42:  The Jackie Robinson Story opens in theatres on Friday, April 12th.  The date is appropriate — nearly 66 years to the day when Jackie Robinson made his official debut in Major League Baseball on April 15, 1947.  He played, of course, for the Brooklyn Dodgers.  Baseball has never been the same since.  Thankfully.

Jackie Robinson was the first black player in 20th century baseball.  Often credited, mistakenly, with being the first black player ever, Jackie Robinson broke an unwritten rule among the rulers of the baseball universe banning black players.  In 1884, Moses Fleetwood Walker played for the Toledo Blue Stockings of the American Association.  The AA was a major league.  Welday Walker, his brother, also played for Toledo.  He joined the team later in the season.

Still, Mr. Robinson’s accomplishment was massive.  Throughout the decades since baseball’s birth, the color line became bolder.  More entrenched.  More untouchable.  Branch Rickey, the General Manager of the Dodgers erased the line.

The Walker brothers notwithstanding, black players did not regularly populate major league teams.  Rickey, owning a pedigree including a stint as a successful front office baseball man with the revered St. Louis Cardinals of the 1930s, saw that baseball was hurting itself by ignoring the vast pool of talent in the Negro Leagues.  So, he researched the players till he found the right player who could withstand verbal abuse, a certainty in some places, while performing at the highest standard on the baseball diamond.  Remember, segregation was still a way of life in the 1940s.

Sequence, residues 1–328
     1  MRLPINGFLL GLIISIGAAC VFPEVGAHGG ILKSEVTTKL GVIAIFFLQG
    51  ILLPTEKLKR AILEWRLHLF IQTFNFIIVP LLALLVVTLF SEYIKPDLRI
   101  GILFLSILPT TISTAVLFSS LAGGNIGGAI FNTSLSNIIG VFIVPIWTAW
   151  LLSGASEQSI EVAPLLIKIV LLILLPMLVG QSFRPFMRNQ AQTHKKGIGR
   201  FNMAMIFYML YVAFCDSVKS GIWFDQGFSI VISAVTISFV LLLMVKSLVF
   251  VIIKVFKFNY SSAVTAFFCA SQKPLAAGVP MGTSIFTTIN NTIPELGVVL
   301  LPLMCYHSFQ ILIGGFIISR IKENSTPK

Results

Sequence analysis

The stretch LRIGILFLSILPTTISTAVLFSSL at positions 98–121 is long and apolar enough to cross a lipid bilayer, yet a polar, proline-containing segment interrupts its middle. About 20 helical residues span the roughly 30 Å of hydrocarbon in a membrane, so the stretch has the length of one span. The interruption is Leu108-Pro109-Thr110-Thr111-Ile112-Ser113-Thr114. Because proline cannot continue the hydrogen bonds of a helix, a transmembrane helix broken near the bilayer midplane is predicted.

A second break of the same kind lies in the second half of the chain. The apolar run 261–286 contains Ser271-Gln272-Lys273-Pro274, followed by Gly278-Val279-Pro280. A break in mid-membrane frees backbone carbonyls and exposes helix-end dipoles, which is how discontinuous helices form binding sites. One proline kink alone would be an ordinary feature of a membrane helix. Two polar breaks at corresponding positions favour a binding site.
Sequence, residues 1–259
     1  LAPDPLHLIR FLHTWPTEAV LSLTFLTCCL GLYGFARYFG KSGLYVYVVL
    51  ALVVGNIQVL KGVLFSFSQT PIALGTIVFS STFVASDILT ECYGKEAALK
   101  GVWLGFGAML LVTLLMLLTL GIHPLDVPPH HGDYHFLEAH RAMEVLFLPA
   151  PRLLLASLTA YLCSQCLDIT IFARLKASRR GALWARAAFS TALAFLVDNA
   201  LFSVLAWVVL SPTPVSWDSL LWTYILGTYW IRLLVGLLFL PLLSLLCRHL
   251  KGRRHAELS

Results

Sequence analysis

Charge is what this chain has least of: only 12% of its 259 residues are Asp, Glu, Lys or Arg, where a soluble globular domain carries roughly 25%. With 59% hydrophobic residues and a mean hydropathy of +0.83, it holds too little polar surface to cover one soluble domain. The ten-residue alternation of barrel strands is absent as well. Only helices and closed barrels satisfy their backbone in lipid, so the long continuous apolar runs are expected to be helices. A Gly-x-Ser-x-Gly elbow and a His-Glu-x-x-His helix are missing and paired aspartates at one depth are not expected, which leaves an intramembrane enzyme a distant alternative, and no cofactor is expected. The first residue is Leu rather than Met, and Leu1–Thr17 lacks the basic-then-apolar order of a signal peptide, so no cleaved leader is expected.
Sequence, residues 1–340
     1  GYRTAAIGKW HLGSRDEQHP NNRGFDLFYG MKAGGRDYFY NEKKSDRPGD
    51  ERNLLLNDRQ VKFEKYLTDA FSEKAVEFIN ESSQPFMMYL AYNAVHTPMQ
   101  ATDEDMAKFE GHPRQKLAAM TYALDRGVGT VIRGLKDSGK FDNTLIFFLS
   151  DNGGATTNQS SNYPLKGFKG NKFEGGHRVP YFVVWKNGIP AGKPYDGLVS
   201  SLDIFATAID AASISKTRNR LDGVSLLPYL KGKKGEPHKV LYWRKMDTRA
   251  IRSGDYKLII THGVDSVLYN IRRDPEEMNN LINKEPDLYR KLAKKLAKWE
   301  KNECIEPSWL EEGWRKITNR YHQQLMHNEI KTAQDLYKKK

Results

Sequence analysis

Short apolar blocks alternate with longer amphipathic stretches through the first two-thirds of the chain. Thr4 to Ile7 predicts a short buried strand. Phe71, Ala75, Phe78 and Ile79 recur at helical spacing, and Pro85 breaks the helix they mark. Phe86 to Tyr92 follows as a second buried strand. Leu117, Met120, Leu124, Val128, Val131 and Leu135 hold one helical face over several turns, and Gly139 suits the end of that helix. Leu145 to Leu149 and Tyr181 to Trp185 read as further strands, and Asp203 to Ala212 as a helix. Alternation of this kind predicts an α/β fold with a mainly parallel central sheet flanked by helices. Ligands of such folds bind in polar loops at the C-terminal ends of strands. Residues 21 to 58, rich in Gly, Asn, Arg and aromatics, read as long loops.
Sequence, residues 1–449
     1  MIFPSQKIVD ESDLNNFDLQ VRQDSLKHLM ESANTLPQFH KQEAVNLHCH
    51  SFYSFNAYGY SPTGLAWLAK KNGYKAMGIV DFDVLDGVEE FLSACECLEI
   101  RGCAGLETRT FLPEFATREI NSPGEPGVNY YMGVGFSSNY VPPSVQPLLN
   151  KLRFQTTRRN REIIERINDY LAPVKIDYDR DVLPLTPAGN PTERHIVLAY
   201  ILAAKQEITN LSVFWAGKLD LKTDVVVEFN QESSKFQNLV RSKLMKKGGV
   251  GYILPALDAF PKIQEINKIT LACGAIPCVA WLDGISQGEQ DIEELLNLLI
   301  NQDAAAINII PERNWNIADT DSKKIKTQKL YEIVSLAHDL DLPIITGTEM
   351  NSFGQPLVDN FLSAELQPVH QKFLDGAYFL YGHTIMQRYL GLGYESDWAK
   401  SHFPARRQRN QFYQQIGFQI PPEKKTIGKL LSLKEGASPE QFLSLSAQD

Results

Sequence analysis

Robinson came.  Robinson saw.  Robinson conquered.  He won the Rookie of the Year award in 1947.  Additionally, he was an integral part of a National League powerhouse that won the National League pennant in 1947, 1949, 1952, 1953, 1955, and 1956.  The Dodgers won the World Series in 1955.  Robinson’s career batting average was .311.  He was inducted into the National Baseball Hall of Fame and Museum in 1972.

But Jackie Robinson could not have accomplished his baseball feats on the diamond without the backing of Branch Rickey. And Branch Rickey could not have accomplished his baseball feats off the diamond without the courage of Jackie Robinson.

The mutual respect between the two men ran as deep as the Grand Canyon.  And just as wide, too.  When Branch Rickey left the Dodgers in 1950 as a result of a front office battle with co-owner Walter O’Malley, Jackie Robinson wrote a letter to the man who opened the door to baseball integration.

In part, the letter stated:  “It has been the finest experience I have had being associated with you and I want to thank you very much for all you have meant not only to me and my family but to the entire country and particularly the members of our race.  I am glad for your sake that I had a small part to do with the success of your efforts and must admit it was your constant guidance that enabled me to do it.  Regardless of what happens to me in the future it all can be placed on what you have done and believe me I appreciate it.”